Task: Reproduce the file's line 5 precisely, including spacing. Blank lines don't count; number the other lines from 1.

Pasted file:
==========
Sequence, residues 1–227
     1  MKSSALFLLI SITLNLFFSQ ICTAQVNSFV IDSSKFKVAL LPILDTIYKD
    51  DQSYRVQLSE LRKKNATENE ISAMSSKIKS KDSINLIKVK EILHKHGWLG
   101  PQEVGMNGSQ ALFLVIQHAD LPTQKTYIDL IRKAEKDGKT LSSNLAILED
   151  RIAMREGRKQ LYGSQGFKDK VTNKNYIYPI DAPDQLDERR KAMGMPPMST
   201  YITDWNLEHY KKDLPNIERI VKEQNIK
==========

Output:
   151  RIAMREGRKQ LYGSQGFKDK VTNKNYIYPI DAPDQLDERR KAMGMPPMST